Tuesday, December 18, 2012

Promoting "City Cycling" by John Pucher


John Pucher has been something of a hero of mine since I saw a video several years ago of him speaking at a conference.  So I was excited to see this new book from Pucher and Ralph Buehler laying out the arguments for a stronger cycling and pedestrian friendly infrastructure in our country.

Below is a good video of a typical talk given by Pucher on the merits of cycling and a mini review of the new book, City Cycling.



Cycling advocates pushing for better bicycling infrastructure on streets around the world are accustomed to meeting with skeptical audiences. They will find a lot of ammunition here, much of it gleaned from studies of nations such as Germany and the Netherlands, where cycling is a routine part of daily life. Divided into chapters on subjects such as health benefits, safety, bikesharing systems around the world, cycling for women, and cycling for kids, the book marshals an impressive and fascinating assortment of facts, figures, trends, charts, and diagrams.
For instance:
  • Biking could help you live longer, despite perceived safety risks. One study of cycling in the Netherlands found that people taking up biking as their primary travel mode "gained nine times more years of life than they lost as a result of increased inhaled air pollution and traffic injuries."
  • Women are more likely than men to express concern about the risk of cycling, although they may actually be at lower risk from injury.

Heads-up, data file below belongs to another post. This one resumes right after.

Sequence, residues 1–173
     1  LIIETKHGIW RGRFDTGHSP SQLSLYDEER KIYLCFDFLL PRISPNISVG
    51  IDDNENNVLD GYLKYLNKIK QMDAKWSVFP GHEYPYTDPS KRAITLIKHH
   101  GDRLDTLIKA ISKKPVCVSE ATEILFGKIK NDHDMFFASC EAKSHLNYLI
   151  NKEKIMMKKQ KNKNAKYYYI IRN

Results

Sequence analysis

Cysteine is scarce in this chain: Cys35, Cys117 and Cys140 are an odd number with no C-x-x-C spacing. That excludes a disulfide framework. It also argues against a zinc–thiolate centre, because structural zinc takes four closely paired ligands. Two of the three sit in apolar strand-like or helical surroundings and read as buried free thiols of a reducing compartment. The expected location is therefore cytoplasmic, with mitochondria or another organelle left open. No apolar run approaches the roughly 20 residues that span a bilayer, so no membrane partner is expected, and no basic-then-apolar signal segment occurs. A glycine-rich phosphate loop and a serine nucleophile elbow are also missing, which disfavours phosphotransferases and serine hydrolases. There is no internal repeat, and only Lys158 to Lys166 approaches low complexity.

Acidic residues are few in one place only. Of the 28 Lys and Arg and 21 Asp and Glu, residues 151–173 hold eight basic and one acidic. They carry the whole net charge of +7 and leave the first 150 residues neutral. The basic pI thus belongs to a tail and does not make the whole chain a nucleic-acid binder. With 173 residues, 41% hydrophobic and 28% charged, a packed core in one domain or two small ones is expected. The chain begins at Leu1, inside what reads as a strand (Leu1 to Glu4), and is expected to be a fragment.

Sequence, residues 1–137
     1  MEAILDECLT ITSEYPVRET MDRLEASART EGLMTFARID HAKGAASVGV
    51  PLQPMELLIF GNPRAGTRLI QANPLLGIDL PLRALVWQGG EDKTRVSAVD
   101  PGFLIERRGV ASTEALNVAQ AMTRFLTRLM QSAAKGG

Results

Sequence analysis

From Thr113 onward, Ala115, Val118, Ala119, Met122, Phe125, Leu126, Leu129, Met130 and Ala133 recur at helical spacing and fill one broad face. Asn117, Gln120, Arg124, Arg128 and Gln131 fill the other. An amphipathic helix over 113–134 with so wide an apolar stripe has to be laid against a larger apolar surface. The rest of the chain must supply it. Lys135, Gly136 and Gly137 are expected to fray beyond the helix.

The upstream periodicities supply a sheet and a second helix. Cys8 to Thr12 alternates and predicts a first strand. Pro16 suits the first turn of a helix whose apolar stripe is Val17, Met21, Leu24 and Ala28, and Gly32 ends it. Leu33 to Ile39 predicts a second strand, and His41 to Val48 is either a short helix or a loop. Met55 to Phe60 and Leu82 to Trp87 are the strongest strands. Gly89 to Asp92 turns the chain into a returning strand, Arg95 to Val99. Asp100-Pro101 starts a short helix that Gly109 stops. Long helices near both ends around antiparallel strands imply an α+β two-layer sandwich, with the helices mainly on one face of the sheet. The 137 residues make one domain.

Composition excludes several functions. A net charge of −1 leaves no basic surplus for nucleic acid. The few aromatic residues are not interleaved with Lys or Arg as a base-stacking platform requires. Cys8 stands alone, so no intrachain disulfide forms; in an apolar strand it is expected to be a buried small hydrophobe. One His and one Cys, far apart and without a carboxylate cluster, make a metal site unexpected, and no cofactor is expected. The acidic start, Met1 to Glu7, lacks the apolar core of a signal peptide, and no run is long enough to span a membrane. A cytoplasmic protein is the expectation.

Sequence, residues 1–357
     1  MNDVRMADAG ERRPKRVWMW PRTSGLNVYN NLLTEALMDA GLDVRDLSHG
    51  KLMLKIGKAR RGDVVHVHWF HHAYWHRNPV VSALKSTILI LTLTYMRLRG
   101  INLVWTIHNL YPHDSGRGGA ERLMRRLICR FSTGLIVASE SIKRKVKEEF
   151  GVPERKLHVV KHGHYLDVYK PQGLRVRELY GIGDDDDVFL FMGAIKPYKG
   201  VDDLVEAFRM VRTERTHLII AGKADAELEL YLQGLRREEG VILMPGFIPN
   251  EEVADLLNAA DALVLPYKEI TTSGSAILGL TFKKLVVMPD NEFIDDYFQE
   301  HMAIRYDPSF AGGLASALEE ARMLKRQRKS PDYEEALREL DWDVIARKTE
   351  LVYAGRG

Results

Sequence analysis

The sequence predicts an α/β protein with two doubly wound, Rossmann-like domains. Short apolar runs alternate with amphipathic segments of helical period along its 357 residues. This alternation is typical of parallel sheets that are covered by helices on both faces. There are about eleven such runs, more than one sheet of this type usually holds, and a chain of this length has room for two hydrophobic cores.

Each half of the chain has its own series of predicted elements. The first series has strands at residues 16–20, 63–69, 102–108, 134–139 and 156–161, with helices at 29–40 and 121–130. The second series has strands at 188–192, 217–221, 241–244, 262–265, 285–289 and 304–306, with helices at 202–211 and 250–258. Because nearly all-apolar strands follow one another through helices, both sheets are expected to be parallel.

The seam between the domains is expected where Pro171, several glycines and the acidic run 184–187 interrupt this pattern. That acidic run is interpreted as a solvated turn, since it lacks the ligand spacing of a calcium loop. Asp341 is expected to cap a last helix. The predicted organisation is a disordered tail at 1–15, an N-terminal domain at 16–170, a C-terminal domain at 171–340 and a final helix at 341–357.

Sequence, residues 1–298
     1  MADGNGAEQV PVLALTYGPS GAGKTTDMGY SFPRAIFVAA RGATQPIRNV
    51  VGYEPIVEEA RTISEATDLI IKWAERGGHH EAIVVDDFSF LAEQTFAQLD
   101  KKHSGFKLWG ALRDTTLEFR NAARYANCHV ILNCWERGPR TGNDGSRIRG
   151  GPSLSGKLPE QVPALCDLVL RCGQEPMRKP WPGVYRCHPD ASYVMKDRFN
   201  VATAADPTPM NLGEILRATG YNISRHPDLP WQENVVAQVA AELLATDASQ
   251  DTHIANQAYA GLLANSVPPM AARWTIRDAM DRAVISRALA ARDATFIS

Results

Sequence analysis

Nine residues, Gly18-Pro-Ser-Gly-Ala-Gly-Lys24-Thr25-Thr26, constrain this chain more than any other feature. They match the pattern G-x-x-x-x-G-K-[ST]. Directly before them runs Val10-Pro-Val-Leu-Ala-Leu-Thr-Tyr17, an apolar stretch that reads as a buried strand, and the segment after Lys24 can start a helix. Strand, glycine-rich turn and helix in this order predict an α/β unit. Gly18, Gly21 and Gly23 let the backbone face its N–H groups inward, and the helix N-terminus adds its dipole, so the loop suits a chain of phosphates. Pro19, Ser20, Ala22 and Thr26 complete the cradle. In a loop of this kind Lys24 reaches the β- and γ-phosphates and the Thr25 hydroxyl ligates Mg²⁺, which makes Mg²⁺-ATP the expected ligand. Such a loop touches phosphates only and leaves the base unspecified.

• Biking for transportation isn’t just for people who can’t afford to drive. "Cycling can thrive in countries with high levels of income and car ownership….[T]he bike share of daily trips is 26 percent in the Netherlands, 18 percent in Denmark, 10 percent in Germany, and 9 percent in Sweden and Finland, all of which are affluent countries."
  • Several studies show that young people who ride bikes to school have better cardiovascular fitness than those who don’t. Plus, kids like bikes. In one Australian survey, 81 percent of students said that cycling was their favorite method of getting to school.
  • Biking isn’t just for younger people. In the Netherlands, 23 percent of trips by people 65 and older are by bike. In the U.S., that number is less than 1 percent.

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